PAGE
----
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Arab's Sharon Perceived as U.S.'s Hussein

Published: October 4, 2002 (Issue # 809)


MANY in the Arab world portray Israeli Prime Minister Ariel Sharon virtually the same way the administration of U.S. President George W. Bush portrays Saddam Hussein. The parallels are astounding.

The Bush administration says that Hussein has twice invaded his neighbors - Iran in 1980 and Kuwait in 1990. Well, Israel has invaded its neighbors three times - Egypt in 1956; Egypt, Jordan and Syria in 1967; and Lebanon in 1982.

Saddam claimed he was fully justified in his attacks. Iran, under Ayatollah Khomeini, had been urging Iraqi Shiites to overthrow Hussein's secular Baath regime as part of the Iranian leader's insidious scheme to export his Islamic revolution. Kuwait had to be stopped from stealing Iraqi oil from a shared oil field on their border.

Similarly, Israel claimed self-defense in its incursions. Its Arab neighbors employed terrorism, used the Palestinians to subvert the Jewish state, and threatened war. Sharon fought in all three wars and actually planned the 1982 advance into a helpless Lebanon.

The Bush administration says that Hussein continues to develop biological and chemical weapons of mass destruction, or WMD, and is seeking to develop nuclear arms. He has at least 20 Scud missiles tucked away, the administration claims, and has promised fierce resistance if attacked.

Sharon, of course, actually has a robust stock of WMD, including an estimated 50 nuclear weapons. He controls the most lethal air force in the region and maintains a large arsenal of both cruise and ballistic missiles. Sharon has made no secret of the fact that Israel will retaliate with "weapons of its own choosing" if attacked.

The Bush administration links Hussein to international terrorism, including a definite connection to al-Qaida. He is also, Bush has said, "a guy who tried to kill my dad."

Israel has been known to hunt down opponents in far-off lands (even Sweden) and kill those on its list of enemies.

Finally, the Bush administration condemns Saddam for violating 16 UN resolutions, thereby flouting the will of the international community.

Well, Israel has flouted even more - over 25 by one count. Only days ago, a UN Security Council resolution, approved with 14 votes to one abstention (the United States), demanded that Israel end its siege of Yasser Arafat's Ramallah compound. Sharon continued the siege even after receiving a personal message from Bush urging him to end it.

Is it any wonder that Sharon is Hussein for most of the Arab and Islamic world?

There are aphorisms, of course, explaining why some like Sharon and hate Hussein and vice versa:

"Where you stand depends upon where you sit." The United States sits with a strong population devoted to Israel, who have enormous political clout. The Arabs and Palestinians sit next to a hard-line Israel.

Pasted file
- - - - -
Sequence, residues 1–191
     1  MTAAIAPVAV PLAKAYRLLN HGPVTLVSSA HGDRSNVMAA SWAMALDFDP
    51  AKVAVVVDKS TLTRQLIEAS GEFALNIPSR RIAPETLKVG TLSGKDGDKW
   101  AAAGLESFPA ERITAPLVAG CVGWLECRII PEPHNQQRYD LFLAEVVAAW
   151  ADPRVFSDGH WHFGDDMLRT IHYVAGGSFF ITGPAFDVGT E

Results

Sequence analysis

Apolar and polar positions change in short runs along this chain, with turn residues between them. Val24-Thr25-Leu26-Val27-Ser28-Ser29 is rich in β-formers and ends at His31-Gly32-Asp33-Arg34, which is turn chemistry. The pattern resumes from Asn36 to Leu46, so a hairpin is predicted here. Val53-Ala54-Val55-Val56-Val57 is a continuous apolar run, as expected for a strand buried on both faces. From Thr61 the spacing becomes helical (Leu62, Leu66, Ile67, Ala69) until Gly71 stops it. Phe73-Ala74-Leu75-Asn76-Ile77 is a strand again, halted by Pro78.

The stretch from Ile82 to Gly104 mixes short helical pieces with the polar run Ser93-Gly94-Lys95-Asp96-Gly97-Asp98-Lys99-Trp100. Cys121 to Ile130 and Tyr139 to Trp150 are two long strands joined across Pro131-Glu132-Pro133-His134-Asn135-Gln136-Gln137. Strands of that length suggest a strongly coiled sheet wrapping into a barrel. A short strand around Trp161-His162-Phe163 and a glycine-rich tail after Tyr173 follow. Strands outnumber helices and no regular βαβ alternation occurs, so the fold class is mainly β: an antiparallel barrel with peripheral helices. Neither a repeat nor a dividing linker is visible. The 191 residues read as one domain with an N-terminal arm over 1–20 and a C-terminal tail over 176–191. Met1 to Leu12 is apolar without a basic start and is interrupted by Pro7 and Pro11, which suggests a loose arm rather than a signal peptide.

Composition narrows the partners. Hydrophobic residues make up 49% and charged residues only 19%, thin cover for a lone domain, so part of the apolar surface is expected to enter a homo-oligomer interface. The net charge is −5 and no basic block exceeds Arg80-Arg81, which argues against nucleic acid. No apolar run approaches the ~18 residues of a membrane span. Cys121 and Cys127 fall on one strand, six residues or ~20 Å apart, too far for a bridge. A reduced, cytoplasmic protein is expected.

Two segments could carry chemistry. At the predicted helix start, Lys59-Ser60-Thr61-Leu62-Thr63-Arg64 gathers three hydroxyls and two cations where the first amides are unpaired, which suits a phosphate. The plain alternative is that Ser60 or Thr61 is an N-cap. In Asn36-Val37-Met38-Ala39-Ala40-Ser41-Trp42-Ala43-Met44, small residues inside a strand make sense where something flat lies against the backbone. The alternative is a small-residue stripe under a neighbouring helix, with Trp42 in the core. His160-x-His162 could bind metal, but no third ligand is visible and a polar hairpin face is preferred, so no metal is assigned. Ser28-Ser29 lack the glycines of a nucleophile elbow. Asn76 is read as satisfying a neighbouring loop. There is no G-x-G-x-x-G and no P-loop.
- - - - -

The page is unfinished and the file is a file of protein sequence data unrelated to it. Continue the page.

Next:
"It all depends upon whose ox is being gored." Israel is a U.S. ally that can be counted on to gore Washington's enemies when the chips are down. Israel is goring Palestinians, much to the dismay of Arabs and Muslims.

All this adds up to the United States - because of Israel - having one hell of a time trying to convince the world that it has a righteous case for an assault on Hussein.

Nicholas Berry, director of ForeignPolicyForum.com in Washington, contributed this comment to The St. Petersburg Times.





 


ALL ABOUT TOWN

Thursday, Jan. 29



Attend a master class on how to deal with complicated business negotiations today at the International Banking Institute, 6 Malaya Sadovaya Ulitsa. Running from 3 to 6 p.m., Vadim Sokolov, an assistant professor at the St. Petersburg State University of Economics, will introduce aspects of managing the negotiation process and increasing its effectiveness. Attendance is free with pre-registration by telephone on 909 3056 or online at www.ibispb.ru



Celebrate what would be writer Anton Chekhov's 155th birthday at the Bokvoed bookshop at 46 Nevsky Prospekt. Starting at 5 p.m., the legendary author will be feted with readings of his stories and short performances based on his plays by various St. Petersburg actors. Chekhov's books will also be offered at a 15% discount during the event.



Friday, Jan. 30



The Lermontov Central Library, 19 Liteyny Prospekt, will screen 'Almost Famous’ in English with Russian subtitles at 6:30 p.m. Cameron Crowe's Academy Award-winning comedy from 2000 stars Billy Crudup, Kate Hudson, and Patrick Fugit, and tells the story of a budding music journalist at Rolling Stone magazine in the 1970s. Admission is free.



Meet renowned Russian poet, journalist and writer Dmitry Bykov, famous for his biographies of Boris Pasternak, Bulat Okudzhava and Maxim Gorky, and winner of 2006 National Bestseller Award. Bykov will read old and new poems as well as answer questions about his works at the St. Petersburg Philharmonic, Main Hall, at 7 p.m. Tickets start at 1,000 rubles and are available at city ticket offices and the from the Philharmonic website www.philharmonia.spb.ru.



A retrospective of the films of Roman Polanski starts today at Loft-Project Etagi, 74 Ligovsky Prospekt, with a screening of ‘Repulsion’ at 7 p.m. and ‘Rosemary’s Baby’ at 9:15 p.m. The series runs through Feb. 4 and will include Polanski's eminently creepy ‘The Tenant,’ the cult comedy ‘The Fearless Vampire Killers’ and ‘Cul-de-sac’ among others. Tickets are 150-200 rubles and the complete schedule is available at www.vk.com/artpokaz/



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